The question on everyone's mind today is - are the polls tightening?  As I suggested the other day in my post, Expect McCain to Gain Ground These Final Weeks, the real question isn't whether the polls are "tightening," but whether the fundamental dynamic in the race - a clear and decisive win by Barack Obama - has begun to change. I guess you can say that John McCain turning an eight-point race into a six-point race - which of course is within margin of error - shows the race is tightening. But it still means a landslide win for Obama. So is this concept of tightening at this stage important, salient? I'm not so sure. 

Surveying all the main sites - Real Clear Politics, fivethirtyeight, Pollster.com - and DemFromCT's always excellent early morning analysis - there is no evidence of sustained movement to McCain, or any major change in the fundamental dynamic in the race. The averages have it six points today 49-43, and if anything, the news from the states just got a whole lot worse for McCain, as his campaign now admits with CO, IA, NM and VA slipping away, that their map is essentially impossible. Obama's number - the important one to watch - is holding steady in most polls at 49-51. As I wrote yesterday, unless that number starts to drop, there is no way McCain can win at this point.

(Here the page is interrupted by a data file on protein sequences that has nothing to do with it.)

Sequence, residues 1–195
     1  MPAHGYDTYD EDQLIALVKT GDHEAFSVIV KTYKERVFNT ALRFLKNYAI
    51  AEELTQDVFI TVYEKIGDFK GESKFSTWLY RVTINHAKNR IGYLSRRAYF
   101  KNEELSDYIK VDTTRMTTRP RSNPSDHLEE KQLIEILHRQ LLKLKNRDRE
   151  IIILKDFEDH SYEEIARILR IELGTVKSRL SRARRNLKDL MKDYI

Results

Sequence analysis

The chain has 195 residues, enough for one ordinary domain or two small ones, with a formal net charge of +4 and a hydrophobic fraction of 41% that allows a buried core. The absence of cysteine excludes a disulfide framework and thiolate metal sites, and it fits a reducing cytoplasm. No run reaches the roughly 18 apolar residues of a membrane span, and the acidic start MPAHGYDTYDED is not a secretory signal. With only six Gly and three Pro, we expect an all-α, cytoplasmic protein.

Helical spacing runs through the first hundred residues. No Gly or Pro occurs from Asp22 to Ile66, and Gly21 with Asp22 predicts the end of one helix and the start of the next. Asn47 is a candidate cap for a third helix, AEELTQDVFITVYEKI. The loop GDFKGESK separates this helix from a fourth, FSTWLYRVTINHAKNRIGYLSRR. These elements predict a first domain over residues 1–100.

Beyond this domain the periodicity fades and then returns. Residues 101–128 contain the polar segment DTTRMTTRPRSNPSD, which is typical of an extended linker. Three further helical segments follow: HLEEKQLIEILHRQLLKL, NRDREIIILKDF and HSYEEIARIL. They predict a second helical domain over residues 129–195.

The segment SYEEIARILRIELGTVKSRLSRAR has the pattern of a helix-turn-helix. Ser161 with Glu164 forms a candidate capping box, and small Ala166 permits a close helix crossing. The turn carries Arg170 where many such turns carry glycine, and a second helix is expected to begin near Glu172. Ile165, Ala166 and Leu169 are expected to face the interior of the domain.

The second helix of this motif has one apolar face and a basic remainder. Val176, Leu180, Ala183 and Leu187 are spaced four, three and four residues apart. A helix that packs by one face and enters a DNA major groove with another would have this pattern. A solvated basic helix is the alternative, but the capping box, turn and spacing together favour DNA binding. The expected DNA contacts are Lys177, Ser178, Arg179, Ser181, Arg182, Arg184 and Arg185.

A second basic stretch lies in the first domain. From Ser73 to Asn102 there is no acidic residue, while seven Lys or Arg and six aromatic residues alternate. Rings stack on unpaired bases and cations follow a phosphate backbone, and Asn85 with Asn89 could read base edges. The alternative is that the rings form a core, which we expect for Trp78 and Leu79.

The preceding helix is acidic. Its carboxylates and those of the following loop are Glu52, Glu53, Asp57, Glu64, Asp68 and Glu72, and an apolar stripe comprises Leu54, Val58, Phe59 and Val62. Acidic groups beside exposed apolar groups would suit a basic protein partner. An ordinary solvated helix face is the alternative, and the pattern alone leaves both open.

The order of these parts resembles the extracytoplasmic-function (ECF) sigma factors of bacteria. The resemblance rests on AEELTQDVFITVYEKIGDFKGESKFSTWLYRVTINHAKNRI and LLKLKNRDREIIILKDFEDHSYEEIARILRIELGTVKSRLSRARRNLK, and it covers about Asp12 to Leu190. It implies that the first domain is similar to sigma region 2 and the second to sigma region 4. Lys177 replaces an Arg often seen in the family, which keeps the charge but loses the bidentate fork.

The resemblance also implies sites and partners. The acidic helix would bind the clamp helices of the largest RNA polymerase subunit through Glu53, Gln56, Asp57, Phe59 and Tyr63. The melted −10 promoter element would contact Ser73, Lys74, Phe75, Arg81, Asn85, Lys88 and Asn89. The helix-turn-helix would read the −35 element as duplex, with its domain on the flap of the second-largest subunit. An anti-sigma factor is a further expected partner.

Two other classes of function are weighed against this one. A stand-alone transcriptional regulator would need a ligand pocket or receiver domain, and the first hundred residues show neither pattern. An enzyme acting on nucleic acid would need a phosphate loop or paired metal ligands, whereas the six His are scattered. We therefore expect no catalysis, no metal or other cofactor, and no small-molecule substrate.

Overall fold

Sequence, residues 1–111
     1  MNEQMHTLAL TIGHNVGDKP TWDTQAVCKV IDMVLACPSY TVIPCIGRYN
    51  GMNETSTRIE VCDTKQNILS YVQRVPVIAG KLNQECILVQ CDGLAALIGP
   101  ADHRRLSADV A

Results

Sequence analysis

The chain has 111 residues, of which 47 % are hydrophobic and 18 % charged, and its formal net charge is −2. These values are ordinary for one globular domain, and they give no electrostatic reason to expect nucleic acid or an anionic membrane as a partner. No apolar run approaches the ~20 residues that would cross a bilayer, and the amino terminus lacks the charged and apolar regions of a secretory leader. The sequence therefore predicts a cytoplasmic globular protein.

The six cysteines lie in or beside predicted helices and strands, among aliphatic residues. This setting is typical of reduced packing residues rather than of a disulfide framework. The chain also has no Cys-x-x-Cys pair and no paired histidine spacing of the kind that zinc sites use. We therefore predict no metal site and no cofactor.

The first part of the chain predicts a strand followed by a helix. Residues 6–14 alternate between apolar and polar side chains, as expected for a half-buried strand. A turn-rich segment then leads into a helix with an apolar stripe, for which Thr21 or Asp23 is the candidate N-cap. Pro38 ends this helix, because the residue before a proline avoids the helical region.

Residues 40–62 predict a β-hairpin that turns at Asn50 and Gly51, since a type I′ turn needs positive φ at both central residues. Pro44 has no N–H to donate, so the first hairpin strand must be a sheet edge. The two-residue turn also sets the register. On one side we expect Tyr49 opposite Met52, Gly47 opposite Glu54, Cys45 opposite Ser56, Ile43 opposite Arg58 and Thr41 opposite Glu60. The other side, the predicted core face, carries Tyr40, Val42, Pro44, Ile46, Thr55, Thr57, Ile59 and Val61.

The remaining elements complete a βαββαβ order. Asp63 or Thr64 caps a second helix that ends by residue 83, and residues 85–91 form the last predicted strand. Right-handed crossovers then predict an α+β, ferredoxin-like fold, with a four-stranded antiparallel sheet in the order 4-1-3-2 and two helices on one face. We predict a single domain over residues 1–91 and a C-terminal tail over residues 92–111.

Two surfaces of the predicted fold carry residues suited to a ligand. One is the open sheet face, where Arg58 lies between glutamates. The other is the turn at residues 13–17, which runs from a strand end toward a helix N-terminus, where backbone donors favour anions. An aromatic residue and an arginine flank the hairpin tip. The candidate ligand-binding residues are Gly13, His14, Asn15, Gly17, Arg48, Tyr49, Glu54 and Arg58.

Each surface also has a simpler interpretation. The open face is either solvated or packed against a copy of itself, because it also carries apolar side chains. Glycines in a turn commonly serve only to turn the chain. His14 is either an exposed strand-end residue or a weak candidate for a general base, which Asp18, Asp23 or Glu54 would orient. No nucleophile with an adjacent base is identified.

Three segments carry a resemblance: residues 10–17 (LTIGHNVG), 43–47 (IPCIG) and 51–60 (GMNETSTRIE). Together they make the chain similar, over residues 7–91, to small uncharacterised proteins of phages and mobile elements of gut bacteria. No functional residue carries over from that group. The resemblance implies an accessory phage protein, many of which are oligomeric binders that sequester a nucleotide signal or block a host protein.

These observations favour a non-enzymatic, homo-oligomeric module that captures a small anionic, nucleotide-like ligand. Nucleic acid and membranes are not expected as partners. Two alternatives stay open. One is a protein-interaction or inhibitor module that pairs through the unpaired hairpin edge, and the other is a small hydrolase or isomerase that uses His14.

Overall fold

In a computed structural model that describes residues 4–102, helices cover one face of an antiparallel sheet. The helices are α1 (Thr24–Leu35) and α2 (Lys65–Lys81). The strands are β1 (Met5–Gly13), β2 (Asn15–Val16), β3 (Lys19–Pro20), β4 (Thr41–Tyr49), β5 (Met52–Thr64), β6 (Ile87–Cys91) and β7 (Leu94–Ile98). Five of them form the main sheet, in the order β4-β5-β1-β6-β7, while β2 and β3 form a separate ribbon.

So the question  isn't "tightening" now; it is whether the map and the polling have changed enough to alter the dynamic in the race. And the answer to that today is clearly "no." 

All this became clear to me when I watched CNN this morning. They claimed the race was tightening by showing one-point movement in polls in Ohio and Missouri, while showing Obama still winning Florida by a wide margin. The anchor's conclusion by looking at these 3 states was "the race was tightening."  But of course by showing Obama winning Florida and with OH and MO within margin of error, what he was really saying - but could not say - was that this data showed Barack winning the election. It will be important to hold analysts and commentators accountable on this point in the final two weeks. 

With the national numbers apparently stabilizing, it will be interesting to see what happens in the states these next two weeks. My sense is that this is where the Obama fundraising advantage will really kick in, and if anything, we could see improvement in the states while the national numbers either stay the same or we see McCain bring his base home and get a slight national uptick at the end.  

Finally, as the CNN piece above suggests, I think the states to watch now are the small and medium sized states. If Obama holds the Kerry/Gore states, he then just needs to win 3 of  5 currently Obama-leaning states - CO, IA, NM, NV, VA - to win. These are now the true battlegrounds and if McCain cannot chip away there, the race will be over long before Election Day.